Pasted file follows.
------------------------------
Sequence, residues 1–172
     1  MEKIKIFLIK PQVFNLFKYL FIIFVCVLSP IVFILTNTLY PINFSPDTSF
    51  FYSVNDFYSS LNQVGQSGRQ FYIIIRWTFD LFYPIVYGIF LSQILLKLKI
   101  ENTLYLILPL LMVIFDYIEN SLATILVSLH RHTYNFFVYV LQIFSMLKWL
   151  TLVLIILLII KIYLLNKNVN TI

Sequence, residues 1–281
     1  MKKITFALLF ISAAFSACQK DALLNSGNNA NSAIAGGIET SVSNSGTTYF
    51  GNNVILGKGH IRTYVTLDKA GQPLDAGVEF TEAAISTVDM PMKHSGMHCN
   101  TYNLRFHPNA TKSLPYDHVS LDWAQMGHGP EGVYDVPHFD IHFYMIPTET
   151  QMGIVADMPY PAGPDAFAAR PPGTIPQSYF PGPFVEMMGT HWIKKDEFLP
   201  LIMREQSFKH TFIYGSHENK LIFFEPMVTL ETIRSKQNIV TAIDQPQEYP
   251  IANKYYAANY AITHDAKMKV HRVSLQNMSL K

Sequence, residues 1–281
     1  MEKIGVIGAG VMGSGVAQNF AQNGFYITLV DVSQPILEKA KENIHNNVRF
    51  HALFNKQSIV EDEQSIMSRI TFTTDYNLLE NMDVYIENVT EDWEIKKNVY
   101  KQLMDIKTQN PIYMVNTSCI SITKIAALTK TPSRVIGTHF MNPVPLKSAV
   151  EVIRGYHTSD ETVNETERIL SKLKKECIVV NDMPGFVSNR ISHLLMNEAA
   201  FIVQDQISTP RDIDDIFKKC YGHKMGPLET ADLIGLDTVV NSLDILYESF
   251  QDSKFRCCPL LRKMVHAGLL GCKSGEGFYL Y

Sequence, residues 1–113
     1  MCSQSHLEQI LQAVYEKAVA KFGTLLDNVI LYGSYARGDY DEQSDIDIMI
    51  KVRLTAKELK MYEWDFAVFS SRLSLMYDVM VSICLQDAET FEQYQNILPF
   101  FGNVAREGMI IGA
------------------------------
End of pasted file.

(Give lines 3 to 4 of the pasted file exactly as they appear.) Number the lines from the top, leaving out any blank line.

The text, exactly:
    51  FYSVNDFYSS LNQVGQSGRQ FYIIIRWTFD LFYPIVYGIF LSQILLKLKI
   101  ENTLYLILPL LMVIFDYIEN SLATILVSLH RHTYNFFVYV LQIFSMLKWL